The Christmas Ship Parade started with a single sailboat from the Portland Yacht Club. The current Christmas Ship fleet averages about 60 boats, divided between Columbia and Willamette River routes. Each fleet sails nightly for two weeks during December.

Individual boat owners design and build their own lighting and pay for their operating costs. Many of the displays are animated.

The ship tradition packs restaurants and hotels along the two rivers. Local residents line the riverbanks to watch the ships, often blinking headlights and flashlights as the boats pass.


Pining for something warmer and fuzzier? Try the Oregon Zoolights festival, where you’ll see real animals interspersed with some 200 critter-animations using more than 500,000 lights.

A lit-up zoo train runs on Zoolight nights. Vendored food is available and live concerts are also featured.

Zoolights runs through Dec. 31 and is included in the cost of zoo admission.

The Grotto

If you’re looking for seasonal reflection and inspiration, you’ll appreciate the Grotto’s Festival of Lights.

Located in northeast Portland, the Grotto, known more correctly as the National Sanctuary of Our Sorrowful Mother, is cut into a cliff and provides a dazzling display of lights and holiday concerts in a gorgeous outdoor setting. Food vendors, a gift shop and a petting zoo are also offered.

The Grotto’s festival is through Dec. 30.


Another traditional light display, Portland’s very own Rudolph the Red-Nosed Reindeer is visible from the east side of the Willamette River, poised high atop an Old Town landmark: the "Made in Oregon" sign.

Originally built decades ago by the White Stag company, the sign features a prominent stag of bright white lights. In 1957 Portlander Elizabeth Hirsch suggested that the deer’s nose be lighted with a red bulb at Christmas, giving us our own version of "Rudolph."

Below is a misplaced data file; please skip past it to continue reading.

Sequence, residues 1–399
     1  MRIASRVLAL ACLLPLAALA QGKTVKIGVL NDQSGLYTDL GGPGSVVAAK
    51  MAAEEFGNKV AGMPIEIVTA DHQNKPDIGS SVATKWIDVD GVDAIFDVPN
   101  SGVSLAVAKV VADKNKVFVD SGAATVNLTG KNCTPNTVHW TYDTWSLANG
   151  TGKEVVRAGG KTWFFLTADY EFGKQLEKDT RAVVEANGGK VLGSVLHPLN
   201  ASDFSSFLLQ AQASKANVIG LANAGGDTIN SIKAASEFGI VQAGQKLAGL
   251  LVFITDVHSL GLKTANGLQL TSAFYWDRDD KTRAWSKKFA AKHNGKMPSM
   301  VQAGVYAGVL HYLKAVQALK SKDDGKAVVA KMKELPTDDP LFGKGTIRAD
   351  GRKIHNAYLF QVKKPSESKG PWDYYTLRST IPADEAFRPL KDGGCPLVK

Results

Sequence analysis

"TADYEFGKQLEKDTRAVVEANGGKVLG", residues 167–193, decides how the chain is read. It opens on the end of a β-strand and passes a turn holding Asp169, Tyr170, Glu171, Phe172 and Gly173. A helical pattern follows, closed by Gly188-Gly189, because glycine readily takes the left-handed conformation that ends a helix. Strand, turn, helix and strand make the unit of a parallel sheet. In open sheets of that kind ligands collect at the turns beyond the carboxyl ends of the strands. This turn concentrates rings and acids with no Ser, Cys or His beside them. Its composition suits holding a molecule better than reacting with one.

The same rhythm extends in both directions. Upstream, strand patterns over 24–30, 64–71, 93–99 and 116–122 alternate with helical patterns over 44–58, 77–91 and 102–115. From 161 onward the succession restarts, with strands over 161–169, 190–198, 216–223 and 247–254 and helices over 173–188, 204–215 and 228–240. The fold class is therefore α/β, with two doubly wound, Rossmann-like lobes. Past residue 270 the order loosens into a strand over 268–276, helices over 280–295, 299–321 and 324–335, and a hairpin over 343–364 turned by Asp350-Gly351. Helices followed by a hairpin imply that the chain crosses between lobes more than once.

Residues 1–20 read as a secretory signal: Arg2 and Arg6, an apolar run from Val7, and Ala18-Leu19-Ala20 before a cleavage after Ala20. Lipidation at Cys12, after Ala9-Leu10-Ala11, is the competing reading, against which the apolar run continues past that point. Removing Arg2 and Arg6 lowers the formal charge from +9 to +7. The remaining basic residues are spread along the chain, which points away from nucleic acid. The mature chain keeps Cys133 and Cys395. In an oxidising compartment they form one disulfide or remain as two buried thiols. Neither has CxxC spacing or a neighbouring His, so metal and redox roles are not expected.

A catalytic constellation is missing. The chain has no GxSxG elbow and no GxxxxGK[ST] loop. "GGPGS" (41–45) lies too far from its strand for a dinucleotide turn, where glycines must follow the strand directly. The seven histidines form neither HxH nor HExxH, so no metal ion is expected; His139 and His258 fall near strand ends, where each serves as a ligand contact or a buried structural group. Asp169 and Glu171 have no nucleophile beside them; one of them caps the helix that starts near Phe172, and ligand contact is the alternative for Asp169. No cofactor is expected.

Today, Rudolph’s nose turns red around Thanksgiving and stays red through December.

Peacock Lane

During the month of December, an otherwise unassuming street known as "Peacock Lane" transforms into one of Portland’s favorite winter light sights, as homeowners bring the street to life with lights and decorations.

The tradition goes back to 1929, when residents decided to decorate their houses as a show of civic pride.

You can drive your car or walk down Peacock Lane, which is located one block north of Southeast 39th Avenue, between Belmont and Stark streets. Walking is recommended, as traffic becomes very tight.

Horse and carriage rides are also available most evenings. Vendors sell hot cider and cocoa, and carolers are often on hand to entertain the crowd.

If you’re a bicyclist, you might like to join Shift2Bikes annual Holiday Lights Ride through Peacock Lane on Dec. 21.

Peacock Lane will be ready for viewing between Dec. 15 and Dec. 31.

Martini glass

For a quirkier type of holiday lighting, check out the famed giant martini glass, a unique display in Portland’s Southwest Hills, overlooking PSU. The martini glass has been a Portland holiday fixture for decades.

Several years ago, Mothers Against Drunk Driving complained about the martini glass and it disappeared temporarily. Eventually, a compromise was reached: after 10 p.m., a circle and red slash are superimposed over the glass, reminding people to drink responsibly and not to drink and drive.